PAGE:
Tuesday 10 April 2018

3 Reasons Why We Say "I'm Fine" When We're Not

Grace discusses the importance of being open about our mental health with those close to us.

When one replies with the phrase “I’m fine”, it’s undoubtedly one of the biggest (white) lies ever spoken – probably somewhere up there with “I have read the terms and conditions” and “there are sexy singles in your area”.

So, let’s be honest. How many times have you been guilty of saying “I’m fine” when really you’re not? A few? Quite often? Too many times to count? In fact, a survey of 2000 adults commissioned by the Mental Health Foundation (MHF) found the average adult will say “I’m fine” 14 times a week, although just 19% actually mean it. 

So why do we feel this need to falsify that all is dandy, rather than just admitting we have a problem? What impact does this non-committal exchange have on our mental wellbeing and what can we do about it? For this, I propose three theories.

Theory 1: They’re just being polite.

The simple exchange initiated by asking “how are you?” is ritualistic; a social norm learned from a young age, whereby violating it is like prolonged eye-contact while eating a banana – you just don’t do it. It’s an automatic script of sorts, whereby we’ve rehearsed our parts so well, we’re basically Meryl Streep.

While acting out this well-mannered illusion of checking in on one another, we’re actually gaining as much insight into each other’s state of mind as simply saying “hello.” Unsurprisingly, such superficial – almost-reflexive – questioning and answering means we’re less likely to speak openly and honestly about our mental health, since it is implicit that the other person isn’t actually intent on finding out (or perhaps prepared for) a real answer.

Now, of course saying “I’m fine” can just be convenient. We liberally douse this phrase on one another, especially in lectures or in the library. I guess we must choose our moments with those with whom we can allow our conversations to become more substantive. By returning meaning behind our words, we can seize vital opportunities to both seek and offer support.

Theory 2: You’ve got this! (You really haven’t got this)

My wonderful Grandma says “you can either sink or swim… and I choose to swim”. Whilst there’s something impressive about a person who adamantly solves their own problems, I think we’re fooled by the misconception that if self-reliance is a virtue and that requiring help is a weakness. So, we present a “brave face”. We hide our vulnerabilities. We act like dogs that get stuck in things but pretend everything is ok. We precipitate a culture whereby we won’t discuss our own mental health for fear of judgement.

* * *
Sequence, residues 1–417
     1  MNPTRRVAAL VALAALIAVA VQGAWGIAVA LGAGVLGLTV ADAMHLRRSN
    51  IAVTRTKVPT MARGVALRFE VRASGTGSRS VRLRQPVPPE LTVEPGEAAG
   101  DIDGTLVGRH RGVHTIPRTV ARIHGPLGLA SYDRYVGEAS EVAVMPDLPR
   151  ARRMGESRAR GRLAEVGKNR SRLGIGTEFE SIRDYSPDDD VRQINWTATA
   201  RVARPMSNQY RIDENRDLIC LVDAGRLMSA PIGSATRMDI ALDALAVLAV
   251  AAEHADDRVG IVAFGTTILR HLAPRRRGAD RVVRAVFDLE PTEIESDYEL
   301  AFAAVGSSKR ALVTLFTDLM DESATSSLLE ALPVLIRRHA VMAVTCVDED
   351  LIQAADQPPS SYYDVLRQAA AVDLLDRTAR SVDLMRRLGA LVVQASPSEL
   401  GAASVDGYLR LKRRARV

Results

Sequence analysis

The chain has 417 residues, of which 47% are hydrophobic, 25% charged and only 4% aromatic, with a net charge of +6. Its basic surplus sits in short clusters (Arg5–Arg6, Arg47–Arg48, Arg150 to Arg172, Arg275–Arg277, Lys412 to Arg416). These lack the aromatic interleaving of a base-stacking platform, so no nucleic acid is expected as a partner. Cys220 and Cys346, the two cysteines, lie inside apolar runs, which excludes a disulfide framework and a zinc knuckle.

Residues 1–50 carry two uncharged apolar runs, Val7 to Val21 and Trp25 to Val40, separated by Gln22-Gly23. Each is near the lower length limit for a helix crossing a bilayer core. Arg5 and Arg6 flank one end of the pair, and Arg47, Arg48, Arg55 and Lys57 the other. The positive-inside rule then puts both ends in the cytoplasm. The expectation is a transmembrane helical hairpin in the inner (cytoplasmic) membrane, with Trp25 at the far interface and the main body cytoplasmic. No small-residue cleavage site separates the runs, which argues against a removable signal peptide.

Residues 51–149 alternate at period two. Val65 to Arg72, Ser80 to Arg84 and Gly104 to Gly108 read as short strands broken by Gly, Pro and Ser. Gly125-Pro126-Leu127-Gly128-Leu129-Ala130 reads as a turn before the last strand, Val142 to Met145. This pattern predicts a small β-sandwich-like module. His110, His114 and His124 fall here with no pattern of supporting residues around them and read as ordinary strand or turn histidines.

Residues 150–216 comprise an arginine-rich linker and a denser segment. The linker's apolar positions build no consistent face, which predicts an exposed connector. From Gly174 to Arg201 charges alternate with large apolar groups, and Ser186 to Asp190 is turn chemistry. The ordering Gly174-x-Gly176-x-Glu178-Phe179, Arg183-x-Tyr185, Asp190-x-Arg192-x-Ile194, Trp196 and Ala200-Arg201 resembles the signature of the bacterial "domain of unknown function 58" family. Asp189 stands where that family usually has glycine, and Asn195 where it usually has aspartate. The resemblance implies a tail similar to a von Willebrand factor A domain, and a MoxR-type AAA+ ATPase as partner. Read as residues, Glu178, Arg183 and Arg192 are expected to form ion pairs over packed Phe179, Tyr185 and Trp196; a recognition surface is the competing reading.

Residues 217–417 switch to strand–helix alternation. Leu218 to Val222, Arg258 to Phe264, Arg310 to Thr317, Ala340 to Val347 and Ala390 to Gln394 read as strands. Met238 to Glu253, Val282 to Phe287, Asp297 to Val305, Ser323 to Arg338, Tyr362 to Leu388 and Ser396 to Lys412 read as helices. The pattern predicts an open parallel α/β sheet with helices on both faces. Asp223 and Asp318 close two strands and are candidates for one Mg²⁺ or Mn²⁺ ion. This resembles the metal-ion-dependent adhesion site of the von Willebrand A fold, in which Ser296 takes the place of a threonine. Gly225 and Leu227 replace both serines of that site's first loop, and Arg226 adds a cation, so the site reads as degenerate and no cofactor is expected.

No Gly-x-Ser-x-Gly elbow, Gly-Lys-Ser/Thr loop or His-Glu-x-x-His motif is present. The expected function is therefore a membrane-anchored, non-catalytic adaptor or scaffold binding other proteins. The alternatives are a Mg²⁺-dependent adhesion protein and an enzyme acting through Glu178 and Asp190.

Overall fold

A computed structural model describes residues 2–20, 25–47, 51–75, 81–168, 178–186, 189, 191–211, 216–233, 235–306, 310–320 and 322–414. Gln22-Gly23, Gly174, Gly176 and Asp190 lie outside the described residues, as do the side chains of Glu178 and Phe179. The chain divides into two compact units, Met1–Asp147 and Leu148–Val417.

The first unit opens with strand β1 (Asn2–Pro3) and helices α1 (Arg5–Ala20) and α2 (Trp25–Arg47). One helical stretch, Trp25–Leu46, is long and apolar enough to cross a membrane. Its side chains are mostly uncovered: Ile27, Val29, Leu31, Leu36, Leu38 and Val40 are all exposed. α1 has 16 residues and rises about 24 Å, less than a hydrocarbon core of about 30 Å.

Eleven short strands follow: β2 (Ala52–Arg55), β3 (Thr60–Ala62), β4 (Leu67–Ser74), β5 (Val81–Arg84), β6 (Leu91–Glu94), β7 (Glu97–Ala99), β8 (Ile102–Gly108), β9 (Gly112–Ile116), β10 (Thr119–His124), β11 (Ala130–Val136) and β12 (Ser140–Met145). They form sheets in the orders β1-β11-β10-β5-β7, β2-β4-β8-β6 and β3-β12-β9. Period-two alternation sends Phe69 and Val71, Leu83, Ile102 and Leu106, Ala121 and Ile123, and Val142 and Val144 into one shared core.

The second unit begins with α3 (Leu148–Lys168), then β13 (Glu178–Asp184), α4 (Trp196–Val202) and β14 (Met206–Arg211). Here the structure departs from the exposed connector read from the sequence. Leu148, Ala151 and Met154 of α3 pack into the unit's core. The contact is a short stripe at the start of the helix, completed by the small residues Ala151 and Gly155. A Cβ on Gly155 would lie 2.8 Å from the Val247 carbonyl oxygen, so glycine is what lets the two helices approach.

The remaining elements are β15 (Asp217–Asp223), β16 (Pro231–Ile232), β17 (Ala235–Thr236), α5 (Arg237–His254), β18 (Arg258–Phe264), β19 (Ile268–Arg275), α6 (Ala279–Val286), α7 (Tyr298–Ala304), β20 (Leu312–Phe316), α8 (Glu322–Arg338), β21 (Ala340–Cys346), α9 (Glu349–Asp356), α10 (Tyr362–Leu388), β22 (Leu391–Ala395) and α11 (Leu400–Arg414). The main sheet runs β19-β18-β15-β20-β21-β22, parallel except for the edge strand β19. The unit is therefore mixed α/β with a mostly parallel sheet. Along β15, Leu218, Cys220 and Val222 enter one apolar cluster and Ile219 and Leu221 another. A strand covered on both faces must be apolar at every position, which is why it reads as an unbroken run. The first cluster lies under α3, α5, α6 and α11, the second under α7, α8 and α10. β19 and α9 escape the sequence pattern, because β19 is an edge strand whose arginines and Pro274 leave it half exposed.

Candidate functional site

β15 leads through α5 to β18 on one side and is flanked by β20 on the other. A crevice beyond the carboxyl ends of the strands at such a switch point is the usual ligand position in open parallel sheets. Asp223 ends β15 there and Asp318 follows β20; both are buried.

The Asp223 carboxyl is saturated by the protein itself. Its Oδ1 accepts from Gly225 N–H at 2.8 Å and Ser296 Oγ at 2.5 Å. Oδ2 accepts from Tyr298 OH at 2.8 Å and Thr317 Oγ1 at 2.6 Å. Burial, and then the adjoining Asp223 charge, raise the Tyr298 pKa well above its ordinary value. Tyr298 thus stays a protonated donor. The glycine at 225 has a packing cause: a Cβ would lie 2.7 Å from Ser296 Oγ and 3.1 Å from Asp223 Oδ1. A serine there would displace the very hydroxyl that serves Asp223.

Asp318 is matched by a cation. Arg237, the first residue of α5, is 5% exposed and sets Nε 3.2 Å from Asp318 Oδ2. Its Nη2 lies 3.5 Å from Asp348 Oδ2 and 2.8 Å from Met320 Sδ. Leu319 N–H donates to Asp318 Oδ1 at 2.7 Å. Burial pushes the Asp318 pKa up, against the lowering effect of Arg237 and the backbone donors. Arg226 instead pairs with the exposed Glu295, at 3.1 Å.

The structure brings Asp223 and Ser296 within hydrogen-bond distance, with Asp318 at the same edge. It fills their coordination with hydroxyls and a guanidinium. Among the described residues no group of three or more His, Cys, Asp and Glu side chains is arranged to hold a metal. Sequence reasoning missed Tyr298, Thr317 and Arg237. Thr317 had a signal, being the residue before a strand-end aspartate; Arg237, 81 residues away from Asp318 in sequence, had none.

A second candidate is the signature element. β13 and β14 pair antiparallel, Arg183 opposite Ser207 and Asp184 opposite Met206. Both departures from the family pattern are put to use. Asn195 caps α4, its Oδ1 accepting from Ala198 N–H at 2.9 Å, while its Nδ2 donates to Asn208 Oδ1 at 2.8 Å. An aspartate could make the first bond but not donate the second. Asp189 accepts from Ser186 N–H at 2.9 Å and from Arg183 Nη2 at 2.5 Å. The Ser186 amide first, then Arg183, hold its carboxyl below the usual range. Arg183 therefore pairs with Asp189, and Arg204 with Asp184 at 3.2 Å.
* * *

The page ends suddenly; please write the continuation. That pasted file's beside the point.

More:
“Am I the only one who feels this way?” Such self-doubt clouds the reality that we often have common struggles. When I first acknowledged I was struggling with my mental health with my uni personal supervisor, it kind of felt like that moment when someone asks the question in class you thought was too stupid to say out loud. Suddenly you realise you’re not alone, and the question wasn’t silly at all.

Those asking for support are incredibly brave. But sometimes you can’t quite initiate this first step alone. It was after noticing I fell off the uni treadmill following traumatic events that a friend first contacted my personal supervisor on my behalf. Sometimes it’s not “sink or swim”; sometimes you need a lifeboat and she was just that.

Theory 3: We don’t want to burden others

The phrase “I’m fine” can also act as the conversational equivalent of Crocs; swiftly able to shut down any chance of further discussion. Quite often, this defensive action results from a fear of worrying, burdening, or annoying the listener.

Personally, by insisting “I’m fine”, I force myself to be the person I, and others, expect me to be (I’d LIKE to think humorous and enthusiastic…). However, simulating these qualities and engaging in societies whilst depressed is gruelling – sometimes I’d rather just hide away. Exhaustion and isolation is a high price to pay to think (mistakenly) I’m ‘pleasing’ or ‘protecting’ others. It took me a long time to realise that neither have to be an option if you can have an honest conversation. People are more understanding than mental illness lets you believe.

As listeners, as friends, you may not always have the solution or the ability to fully relate – but that’s okay! There are so many services available on campus that are incredibly willing to offer professional support and advice e.g. counselling, student support, supervisors, campus GPs. But what friends do have is time, care and compassion. You hold the ability to reassure each other you can be open and listened to. You also have the capacity to learn what the other may want but won’t ask for, and what they need but didn’t know. Open ear? Cup of tea? It’s the little things too.

Overall, we must push for cultural change in terms of discussing our mental health. Speaking openly and honestly can begin by asking simply, and genuinely, how someone is. As humans, we experience a spectrum of emotions – chances are, you’re probably not just “fine”. It’s okay to say we’re not okay.

Hi, I’m Grace. I’m a final year student studying Psychology at the University of York. This post is the first time I’ve opened up and wrote about my own mental health. After sharing it with my friends, I received lots of love and support and also realised that I'm not alone - hopefully this post can encourage others to do the same!

1 comment:

  1. Thanks for starting this important topic. It's so difficult to many people to share their emotions and feelings openly.